On an appeal by the Employer, the Federal Court of Appeal agreed that the arbitrator had erred in finding a violation of the collective agreement, reasoning that the adjudicator had placed an unreasonable burden on the employer to justify the need for the standby directive and had ignored evidence that showed there were not enough volunteers after the lawyers were informed that they would no longer be compensated for being on standby.

The Supreme Court of Canada, by contrast, overturned the Court of Appeal and found the arbitrator's decision to be reasonable. The Employer argued that the arbitrator's task in determining the question of whether the standby directive represented a "reasonable and fair exercise of management rights" was simply to decide whether its directive was "within the range of possible, reasonable choices that have a supportable relationship with the employer's operational needs." However, the Supreme Court disagreed, relying on the "well-established approach" of the "balancing of interests, as articulated in Re Lumber & Sawmill Workers' Union, Local 2537, and KVP Co. (1965), 16 L.A.C. 73 and relied upon in Communications, Energy and Paperworkers Union of Canada, Local 30 v. Irving Pulp & Paper, Ltd., 2013 SCC 34 (CanLII), [2013] 2 S.C.R. 458:

Determining reasonableness requires labour arbitrators to apply their labour relations expertise, consider all of the surrounding circumstances, and determine whether the employer's policy strikes a reasonable balance. Assessing the reasonableness of an employer's policy can include assessing such things as the nature of the employer's interests, any less intrusive means available to address the employer's concerns, and the policy's impact on employees.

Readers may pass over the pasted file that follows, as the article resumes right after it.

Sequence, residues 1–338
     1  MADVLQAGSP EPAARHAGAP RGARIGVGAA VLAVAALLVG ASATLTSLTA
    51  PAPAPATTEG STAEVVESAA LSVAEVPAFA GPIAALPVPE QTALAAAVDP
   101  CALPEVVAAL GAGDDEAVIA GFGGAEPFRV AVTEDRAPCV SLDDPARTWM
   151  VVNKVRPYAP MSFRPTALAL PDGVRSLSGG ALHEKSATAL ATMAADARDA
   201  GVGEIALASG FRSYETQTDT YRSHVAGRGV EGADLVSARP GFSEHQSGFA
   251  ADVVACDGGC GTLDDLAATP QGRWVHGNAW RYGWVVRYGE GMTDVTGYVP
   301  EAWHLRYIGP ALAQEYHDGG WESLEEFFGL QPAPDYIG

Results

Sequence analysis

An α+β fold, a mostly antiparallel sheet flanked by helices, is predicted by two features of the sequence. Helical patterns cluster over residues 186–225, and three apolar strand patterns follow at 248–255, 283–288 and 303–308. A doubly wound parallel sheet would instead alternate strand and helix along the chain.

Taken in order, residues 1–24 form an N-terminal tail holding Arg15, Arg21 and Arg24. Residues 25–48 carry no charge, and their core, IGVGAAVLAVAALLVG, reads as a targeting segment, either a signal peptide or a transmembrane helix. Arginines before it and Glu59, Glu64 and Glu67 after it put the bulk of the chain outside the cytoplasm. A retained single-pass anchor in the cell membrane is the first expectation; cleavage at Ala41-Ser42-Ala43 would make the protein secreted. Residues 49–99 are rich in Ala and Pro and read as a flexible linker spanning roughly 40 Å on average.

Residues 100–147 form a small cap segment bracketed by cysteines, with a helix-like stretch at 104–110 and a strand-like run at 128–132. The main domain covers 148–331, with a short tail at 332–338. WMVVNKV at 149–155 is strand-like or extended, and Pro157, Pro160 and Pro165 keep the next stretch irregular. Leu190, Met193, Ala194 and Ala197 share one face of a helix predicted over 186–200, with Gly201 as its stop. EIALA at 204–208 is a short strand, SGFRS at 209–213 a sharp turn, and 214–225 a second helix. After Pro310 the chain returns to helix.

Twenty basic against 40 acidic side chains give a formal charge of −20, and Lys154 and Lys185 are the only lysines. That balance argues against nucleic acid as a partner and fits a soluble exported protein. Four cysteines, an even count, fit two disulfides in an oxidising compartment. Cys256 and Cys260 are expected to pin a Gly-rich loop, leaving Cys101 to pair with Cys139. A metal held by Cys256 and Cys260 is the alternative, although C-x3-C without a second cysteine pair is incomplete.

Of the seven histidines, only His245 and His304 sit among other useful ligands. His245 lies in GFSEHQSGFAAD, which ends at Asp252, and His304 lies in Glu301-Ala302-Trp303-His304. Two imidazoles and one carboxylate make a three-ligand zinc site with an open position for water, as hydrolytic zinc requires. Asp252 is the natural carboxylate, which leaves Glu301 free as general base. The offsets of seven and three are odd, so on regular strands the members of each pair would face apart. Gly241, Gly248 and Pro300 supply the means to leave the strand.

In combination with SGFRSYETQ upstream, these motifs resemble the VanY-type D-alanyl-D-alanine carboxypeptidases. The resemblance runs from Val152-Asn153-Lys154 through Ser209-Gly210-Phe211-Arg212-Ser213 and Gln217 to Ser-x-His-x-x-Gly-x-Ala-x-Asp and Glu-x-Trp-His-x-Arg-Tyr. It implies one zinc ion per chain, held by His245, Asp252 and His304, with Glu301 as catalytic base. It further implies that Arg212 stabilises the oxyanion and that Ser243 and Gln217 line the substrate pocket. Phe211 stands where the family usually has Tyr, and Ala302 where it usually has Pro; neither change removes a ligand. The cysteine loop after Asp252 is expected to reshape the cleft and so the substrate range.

While we might disagree with the Arbitrator's initial finding, this case highlights two important considerations for unionized employers:

  1. management rights must always be exercised reasonably, and consistently with the collective agreement; and
  2. the level of deference provided to labour adjudicators upon judicial review remains quite high.

In any instance where management is considering unilateral implementation of a policy or directive in a unionized environment, it is crucial to review the context and your collective agreement to ensure it is truly within management's rights to do so: the experienced team at CCPartners regularly guides employers through this process and can make sure that your decisions stand up to an arbitrator's scrutiny. We can also assess when is the right (or wrong) time to take an arbitrator's decision to judicial review, if you find yourself with an unfavourable decision.

The content of this article is intended to provide a general guide to the subject matter. Specialist advice should be sought about your specific circumstances.